How to Scale a Short Term Rental Business? Detailed Guide

by | Oct 19, 2021 | Uncategorised | 0 comments

In a recent interview, Brian Chesky, the CEO of Airbnb said the company needed millions of additional properties to meet guest demand. In parallel, many property management companies in the vacation rental industry are focusing effort and resources on growth to prepare for the aftermath of the pandemic.

Even if growth is one of the top priorities for property managers, this can also put your business at risk if you don’t plan correctly or if the execution of your growth strategy is not right.

Some of you might remember the fate of Hostmaker and Stay Alfred who, despite important investments on the promise of scaling infinitely, weren’t able to survive and went bankrupt. 

Based on 30 years working across the industry, we’ve seen how some common approaches to scaling a short term rental business are simply unsustainable—and put an entire business at risk.

For those of you looking to scale your own business, it’s time for a quick recap on the dos and don’ts based on what we’ve seen working within the industry.

Some of the pitfalls companies fall into include:

– Trying to grow into different markets simultaneously

– Expanding from an urban to a leisure destination

– Underestimating how local dynamics affect the acquisition of new property owners

– Not having enough human resources to absorb the additional workload 

Across different business models, one thing most of the successful scale-ups in our industry have in common is their capacity to plan and execute a growth strategy adapted to their financial and operational capabilities.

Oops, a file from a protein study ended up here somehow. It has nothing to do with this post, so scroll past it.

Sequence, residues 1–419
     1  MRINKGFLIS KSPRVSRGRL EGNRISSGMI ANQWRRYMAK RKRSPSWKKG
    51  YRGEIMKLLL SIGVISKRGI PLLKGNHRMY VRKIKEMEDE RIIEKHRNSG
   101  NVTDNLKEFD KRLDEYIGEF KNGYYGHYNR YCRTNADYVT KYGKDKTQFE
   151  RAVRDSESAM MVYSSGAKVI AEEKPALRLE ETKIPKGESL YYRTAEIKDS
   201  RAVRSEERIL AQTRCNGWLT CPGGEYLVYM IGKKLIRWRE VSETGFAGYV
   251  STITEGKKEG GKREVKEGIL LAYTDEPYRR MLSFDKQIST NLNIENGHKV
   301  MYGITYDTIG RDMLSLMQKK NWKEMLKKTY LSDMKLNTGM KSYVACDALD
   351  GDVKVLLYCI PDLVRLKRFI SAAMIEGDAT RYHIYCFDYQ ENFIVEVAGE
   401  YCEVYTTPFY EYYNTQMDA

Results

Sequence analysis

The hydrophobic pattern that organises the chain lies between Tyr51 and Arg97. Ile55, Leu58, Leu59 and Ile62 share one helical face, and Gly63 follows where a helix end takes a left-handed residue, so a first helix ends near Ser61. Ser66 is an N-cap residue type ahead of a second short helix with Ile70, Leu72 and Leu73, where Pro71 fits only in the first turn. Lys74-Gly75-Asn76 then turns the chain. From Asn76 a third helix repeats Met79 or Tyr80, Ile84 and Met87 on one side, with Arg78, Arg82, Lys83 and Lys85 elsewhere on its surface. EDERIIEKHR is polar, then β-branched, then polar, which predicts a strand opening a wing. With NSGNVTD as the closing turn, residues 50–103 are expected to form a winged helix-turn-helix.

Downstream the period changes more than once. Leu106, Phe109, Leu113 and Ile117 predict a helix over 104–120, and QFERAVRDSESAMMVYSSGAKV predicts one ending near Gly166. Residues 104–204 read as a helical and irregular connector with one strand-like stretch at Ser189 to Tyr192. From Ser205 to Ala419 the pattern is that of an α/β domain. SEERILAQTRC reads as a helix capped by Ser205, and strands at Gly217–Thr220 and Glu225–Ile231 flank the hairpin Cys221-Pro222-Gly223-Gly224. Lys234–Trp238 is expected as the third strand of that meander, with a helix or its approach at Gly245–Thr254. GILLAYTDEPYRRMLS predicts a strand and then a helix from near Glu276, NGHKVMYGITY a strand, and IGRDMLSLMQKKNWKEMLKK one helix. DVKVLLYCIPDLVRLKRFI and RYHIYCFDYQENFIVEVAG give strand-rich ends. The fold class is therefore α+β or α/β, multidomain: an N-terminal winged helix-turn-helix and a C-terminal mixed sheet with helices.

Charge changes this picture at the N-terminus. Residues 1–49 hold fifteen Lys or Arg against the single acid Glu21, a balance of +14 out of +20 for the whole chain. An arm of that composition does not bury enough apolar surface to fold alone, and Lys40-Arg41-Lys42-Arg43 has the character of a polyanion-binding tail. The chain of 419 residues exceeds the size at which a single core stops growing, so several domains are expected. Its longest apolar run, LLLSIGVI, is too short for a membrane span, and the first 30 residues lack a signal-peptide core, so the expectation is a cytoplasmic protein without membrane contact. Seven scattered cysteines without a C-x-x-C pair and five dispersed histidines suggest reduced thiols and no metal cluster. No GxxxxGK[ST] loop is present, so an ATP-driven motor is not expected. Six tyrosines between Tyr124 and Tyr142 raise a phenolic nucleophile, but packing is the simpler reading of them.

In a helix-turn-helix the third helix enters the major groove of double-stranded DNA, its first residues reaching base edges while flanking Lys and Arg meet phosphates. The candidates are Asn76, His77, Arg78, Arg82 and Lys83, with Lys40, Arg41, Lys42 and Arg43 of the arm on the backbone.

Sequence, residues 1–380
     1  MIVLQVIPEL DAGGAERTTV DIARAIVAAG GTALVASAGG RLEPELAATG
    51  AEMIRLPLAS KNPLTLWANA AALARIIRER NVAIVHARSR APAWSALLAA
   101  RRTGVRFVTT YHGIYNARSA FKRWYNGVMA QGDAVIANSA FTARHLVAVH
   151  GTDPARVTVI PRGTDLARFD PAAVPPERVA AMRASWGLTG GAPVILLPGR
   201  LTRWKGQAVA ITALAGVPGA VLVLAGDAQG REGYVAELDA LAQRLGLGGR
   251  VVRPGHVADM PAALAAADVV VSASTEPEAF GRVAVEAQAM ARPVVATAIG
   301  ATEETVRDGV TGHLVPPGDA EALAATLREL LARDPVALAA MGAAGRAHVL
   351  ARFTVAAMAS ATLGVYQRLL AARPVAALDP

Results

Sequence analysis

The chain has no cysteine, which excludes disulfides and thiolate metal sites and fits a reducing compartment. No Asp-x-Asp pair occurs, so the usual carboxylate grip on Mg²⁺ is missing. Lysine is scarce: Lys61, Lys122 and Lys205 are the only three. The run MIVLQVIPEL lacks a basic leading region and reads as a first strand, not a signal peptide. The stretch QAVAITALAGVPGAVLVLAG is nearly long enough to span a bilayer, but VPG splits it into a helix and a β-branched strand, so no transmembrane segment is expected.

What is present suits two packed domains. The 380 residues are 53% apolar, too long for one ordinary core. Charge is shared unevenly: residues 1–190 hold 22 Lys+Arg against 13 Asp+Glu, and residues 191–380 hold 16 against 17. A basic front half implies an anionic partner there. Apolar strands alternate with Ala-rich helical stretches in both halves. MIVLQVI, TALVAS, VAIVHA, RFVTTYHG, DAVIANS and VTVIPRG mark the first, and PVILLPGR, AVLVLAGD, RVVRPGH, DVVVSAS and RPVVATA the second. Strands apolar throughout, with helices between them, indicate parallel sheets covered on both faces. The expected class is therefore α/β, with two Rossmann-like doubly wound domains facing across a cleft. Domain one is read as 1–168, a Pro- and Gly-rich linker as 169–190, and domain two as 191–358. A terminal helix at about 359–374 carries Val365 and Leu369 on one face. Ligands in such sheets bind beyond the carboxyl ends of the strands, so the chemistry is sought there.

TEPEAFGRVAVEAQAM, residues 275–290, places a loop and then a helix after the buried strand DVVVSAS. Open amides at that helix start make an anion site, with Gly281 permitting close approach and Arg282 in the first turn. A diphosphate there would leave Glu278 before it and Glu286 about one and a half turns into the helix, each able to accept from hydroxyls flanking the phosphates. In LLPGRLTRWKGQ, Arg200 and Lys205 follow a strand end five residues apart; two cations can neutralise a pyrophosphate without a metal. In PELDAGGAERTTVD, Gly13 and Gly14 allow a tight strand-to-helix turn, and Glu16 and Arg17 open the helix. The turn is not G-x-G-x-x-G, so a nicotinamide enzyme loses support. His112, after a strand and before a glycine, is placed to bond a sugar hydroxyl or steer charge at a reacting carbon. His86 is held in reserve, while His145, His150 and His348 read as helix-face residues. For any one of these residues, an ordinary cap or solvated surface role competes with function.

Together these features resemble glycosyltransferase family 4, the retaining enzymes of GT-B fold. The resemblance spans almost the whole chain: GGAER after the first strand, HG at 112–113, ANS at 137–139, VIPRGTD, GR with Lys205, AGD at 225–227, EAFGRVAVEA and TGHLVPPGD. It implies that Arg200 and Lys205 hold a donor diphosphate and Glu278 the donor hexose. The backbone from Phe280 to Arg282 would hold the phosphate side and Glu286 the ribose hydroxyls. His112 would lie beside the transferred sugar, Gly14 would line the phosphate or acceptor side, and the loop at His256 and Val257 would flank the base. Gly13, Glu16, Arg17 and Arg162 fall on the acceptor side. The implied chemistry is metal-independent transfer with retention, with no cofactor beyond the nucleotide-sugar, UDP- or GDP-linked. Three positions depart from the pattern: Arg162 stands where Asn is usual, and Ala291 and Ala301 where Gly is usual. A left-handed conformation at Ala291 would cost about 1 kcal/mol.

In this article, we’ll dive into the key aspects to consider when scaling and show you how to plan and execute your growth strategy, and which tools to use to give your business the greatest chance of success.

Scaling different types of vacation rental business models 

Before we talk about how to scale, it makes sense to cover the risks and difficulties associated with scaling different vacation rental business models.

Full-service vacation rental management 

This business model is potentially one of the hardest to scale as it requires a physical presence to operate a portfolio of properties and requires a large team at every destination. Scaling is also complicated by the difficulty posed by trying to replicate a network and local know-how outside of your historical market.

Additionally, if your model is a lease arbitrage (or master lease, where you pay fixed rent to the owner and not a share of the booking revenue) the risk of having so much debt on your balance sheet is also high, especially as interest rates are rising.

Vacation rental online property management

This model is mostly digital so it’s easier to scale than full-service as you won’t require a physical presence in every destination. Property owners will take care of the operational aspects attached to a booking.

To make this model work, you need to rely on robust tech and the quality of services provided by owners.